The founder of the St. Paul, Minn. chapter of Black Lives Matter has announced he has left the organization after learning what he described as “the ugly truth” — the group’s apparent disinterest in helping to support black families and its opposition to school choice.
“I was an insider in Black Lives Matter. And I learned the ugly truth,” Rashad Turner noted in a video posted last week to YouTube by a group called TakeCharge Minnesota.
Turner initially made headlines with BLM in 2015 when he seemed to justify BLM members marching in Minnesota while chanting, “Pigs in a blanket, fry ’em like bacon” — a slogan many took to mean inflicting harm or death upon police officers. In an interview with CNN’s Brooke Baldwin, he tried to say that the slogan only meant that BLM wants police officers held to the same standard as citizens.
“I’m not sure what a good cop is,” Turner said at the time. “We’re getting hung up by this rhetoric that’s making white people uncomfortable or causing that discomfort. Every day as a black man I’m uncomfortable simply because of the color of my skin.”
He also helped lead a BLM march at the Minnesota State Fair in which demonstrators, many of whom were white, blocked entrances to the venue.
“We thought the state fair represented a venue that represented a lot of people, a lot of people from rural Minnesota, who maybe haven’t had the opportunity to get engaged or kind of hear the messages of what’s going on in the black community,” he told MPR News in August 2015.
But now, Turner says he’s had a change of heart.
“I am living proof that no matter your start in life, quality education is a pathway to success,” said Turner, who added he is the first person in his family to have graduated college, earning a master’s degree in education from St. Mary’s University in Winona, Minn. He now heads the Minnesota Parent Union.
Quality education is a must! 💪🏾https://t.co/9CrK4oPvxi
— Ͳҽąçհҽɾʂ մղìօղʂ ҟìӀӀ օմɾ çհìӀժɾҽղ’ʂ հօքҽʂ + ժɾҽąʍʂ (@RashadsRepublic) May 31, 2021
“I want the same success for our children in our communities. That’s why in 2015, I was a founder of Black Lives Matter in St. Paul. I believed the organization stood for exactly what the name implies: Black lives do matter,” he added. “However, after a year on the inside, I learned they had little concern for rebuilding Black families, and they cared even less about improving the quality of education for students in Minneapolis.”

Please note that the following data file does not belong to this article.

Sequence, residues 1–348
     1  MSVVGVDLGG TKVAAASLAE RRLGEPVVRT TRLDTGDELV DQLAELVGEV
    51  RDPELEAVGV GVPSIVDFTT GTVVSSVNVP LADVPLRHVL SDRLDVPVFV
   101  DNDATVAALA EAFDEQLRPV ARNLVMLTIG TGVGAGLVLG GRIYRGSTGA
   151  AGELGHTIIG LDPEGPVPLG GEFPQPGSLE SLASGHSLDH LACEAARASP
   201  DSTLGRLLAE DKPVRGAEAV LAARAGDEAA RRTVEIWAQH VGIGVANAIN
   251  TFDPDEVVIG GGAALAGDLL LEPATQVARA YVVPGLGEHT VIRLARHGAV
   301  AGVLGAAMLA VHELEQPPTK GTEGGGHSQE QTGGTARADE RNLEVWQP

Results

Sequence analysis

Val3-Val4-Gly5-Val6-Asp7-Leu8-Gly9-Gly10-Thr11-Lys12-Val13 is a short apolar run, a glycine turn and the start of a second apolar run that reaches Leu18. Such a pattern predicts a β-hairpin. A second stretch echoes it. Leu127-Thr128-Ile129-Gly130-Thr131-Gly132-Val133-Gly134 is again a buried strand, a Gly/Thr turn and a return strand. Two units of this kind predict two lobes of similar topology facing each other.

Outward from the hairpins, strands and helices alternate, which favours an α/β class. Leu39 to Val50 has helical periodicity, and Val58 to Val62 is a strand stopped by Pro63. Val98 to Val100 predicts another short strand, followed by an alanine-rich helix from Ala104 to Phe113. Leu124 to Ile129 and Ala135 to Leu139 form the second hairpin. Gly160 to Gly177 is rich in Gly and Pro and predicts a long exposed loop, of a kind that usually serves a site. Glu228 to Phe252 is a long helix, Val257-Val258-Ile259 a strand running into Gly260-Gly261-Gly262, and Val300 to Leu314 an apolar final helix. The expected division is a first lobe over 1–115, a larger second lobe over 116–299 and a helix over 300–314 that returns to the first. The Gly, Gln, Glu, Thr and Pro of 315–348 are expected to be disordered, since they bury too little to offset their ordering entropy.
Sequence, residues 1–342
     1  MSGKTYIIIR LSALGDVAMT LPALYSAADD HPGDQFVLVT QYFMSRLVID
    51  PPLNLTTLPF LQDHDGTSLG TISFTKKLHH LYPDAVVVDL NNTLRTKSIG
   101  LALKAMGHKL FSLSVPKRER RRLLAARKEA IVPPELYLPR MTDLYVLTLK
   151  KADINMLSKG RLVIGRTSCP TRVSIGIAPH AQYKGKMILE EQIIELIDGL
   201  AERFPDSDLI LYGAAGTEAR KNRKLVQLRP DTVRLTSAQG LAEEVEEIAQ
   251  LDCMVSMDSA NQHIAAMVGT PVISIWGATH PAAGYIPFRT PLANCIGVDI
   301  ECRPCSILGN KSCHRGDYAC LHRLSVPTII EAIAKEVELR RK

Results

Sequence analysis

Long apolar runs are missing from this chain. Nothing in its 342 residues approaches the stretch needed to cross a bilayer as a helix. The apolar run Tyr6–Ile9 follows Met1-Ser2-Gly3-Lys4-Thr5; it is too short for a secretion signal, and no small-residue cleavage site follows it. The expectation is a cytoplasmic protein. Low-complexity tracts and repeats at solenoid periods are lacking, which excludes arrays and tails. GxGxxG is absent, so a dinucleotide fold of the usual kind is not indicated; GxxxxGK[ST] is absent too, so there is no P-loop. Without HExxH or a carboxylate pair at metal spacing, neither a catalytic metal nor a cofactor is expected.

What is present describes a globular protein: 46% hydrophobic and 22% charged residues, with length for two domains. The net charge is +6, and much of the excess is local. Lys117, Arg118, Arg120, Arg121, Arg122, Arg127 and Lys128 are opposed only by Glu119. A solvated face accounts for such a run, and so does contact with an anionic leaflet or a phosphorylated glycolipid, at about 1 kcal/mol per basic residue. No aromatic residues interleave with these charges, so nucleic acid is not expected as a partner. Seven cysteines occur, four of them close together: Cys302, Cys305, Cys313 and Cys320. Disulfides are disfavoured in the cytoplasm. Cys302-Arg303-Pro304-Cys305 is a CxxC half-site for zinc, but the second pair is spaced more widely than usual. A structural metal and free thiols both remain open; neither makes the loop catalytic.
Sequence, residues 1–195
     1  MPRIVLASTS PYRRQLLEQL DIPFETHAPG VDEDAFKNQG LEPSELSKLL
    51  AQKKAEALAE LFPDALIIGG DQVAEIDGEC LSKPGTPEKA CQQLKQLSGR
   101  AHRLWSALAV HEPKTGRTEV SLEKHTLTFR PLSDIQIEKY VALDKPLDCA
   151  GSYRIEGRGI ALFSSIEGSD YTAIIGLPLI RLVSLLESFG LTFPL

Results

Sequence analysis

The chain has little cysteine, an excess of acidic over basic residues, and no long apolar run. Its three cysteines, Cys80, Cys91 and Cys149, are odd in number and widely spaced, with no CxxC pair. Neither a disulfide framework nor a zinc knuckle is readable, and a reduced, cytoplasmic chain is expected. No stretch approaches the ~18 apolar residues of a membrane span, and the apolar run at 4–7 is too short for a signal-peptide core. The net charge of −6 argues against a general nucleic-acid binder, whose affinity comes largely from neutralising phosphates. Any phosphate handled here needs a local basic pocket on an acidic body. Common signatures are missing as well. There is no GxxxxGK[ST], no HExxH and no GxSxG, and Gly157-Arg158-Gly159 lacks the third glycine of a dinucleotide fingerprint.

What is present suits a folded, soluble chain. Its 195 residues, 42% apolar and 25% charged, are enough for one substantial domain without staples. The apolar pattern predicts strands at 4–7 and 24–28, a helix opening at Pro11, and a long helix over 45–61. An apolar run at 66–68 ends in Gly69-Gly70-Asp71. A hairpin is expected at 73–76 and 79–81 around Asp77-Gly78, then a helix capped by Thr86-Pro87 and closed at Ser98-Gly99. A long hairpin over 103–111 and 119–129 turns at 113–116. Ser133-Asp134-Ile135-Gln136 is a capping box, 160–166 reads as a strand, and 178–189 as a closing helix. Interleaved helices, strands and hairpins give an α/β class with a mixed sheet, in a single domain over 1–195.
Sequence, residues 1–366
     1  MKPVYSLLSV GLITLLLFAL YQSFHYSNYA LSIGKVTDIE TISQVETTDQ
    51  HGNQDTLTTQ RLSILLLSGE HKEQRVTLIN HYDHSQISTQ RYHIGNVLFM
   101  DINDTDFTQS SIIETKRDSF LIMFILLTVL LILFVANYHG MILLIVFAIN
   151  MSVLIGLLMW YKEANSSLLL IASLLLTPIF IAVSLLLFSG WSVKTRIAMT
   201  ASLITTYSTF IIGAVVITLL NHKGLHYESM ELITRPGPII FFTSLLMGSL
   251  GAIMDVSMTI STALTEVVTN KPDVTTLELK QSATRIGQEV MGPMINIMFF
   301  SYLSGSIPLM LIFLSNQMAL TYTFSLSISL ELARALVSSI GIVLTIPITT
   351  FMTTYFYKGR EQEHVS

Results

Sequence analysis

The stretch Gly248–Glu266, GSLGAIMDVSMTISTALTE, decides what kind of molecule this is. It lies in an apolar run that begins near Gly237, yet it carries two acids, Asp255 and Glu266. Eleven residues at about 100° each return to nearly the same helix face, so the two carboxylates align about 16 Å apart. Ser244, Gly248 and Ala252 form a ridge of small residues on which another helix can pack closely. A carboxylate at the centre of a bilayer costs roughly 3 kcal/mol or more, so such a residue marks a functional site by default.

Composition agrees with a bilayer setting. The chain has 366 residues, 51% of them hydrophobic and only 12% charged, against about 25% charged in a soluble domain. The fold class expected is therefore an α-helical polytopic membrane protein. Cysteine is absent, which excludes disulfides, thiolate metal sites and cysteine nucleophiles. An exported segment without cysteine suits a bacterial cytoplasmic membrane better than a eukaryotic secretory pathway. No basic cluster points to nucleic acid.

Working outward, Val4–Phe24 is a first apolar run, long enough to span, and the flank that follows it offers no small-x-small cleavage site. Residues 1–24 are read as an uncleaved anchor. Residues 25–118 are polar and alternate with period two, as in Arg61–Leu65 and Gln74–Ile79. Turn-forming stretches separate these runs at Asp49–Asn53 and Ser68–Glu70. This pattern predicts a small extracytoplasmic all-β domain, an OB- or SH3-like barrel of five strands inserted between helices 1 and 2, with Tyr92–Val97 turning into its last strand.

Continuing, Turner made reference to a 2016 platform espoused by the Movement for Black Lives, a network of groups that included Black Lives Matter, that sought a cessation on the expansion of charter schools. That position aligned with that of national teachers’ unions, which have traditionally opposed school choice even though having an alternative to failing public schools is popular in the black community.
“The moratorium on charter schools does not support rebuilding the black family. But it does create barriers to a better education for Black children,” Turner said. “I resigned from Black Lives Matter after a year and a half. But I didn’t quit working to improve black lives and access to a great education.”
Earlier in the video, Turner said his father was shot and killed when he was just two years old, and that he was raised by grandparents because his mother could not take care of him. “They told me that if I was going to change my life for the better, education was the answer,” he said of his grandparents.
He said that his organization, which advocates for school choice, is “up against forces that don’t want us to succeed.”
“But success is possible,” Turner noted further. “Just look at me and the hundreds of children and families we’ve helped to pursue a great education, break the chains of poverty, and lead a life of success.”
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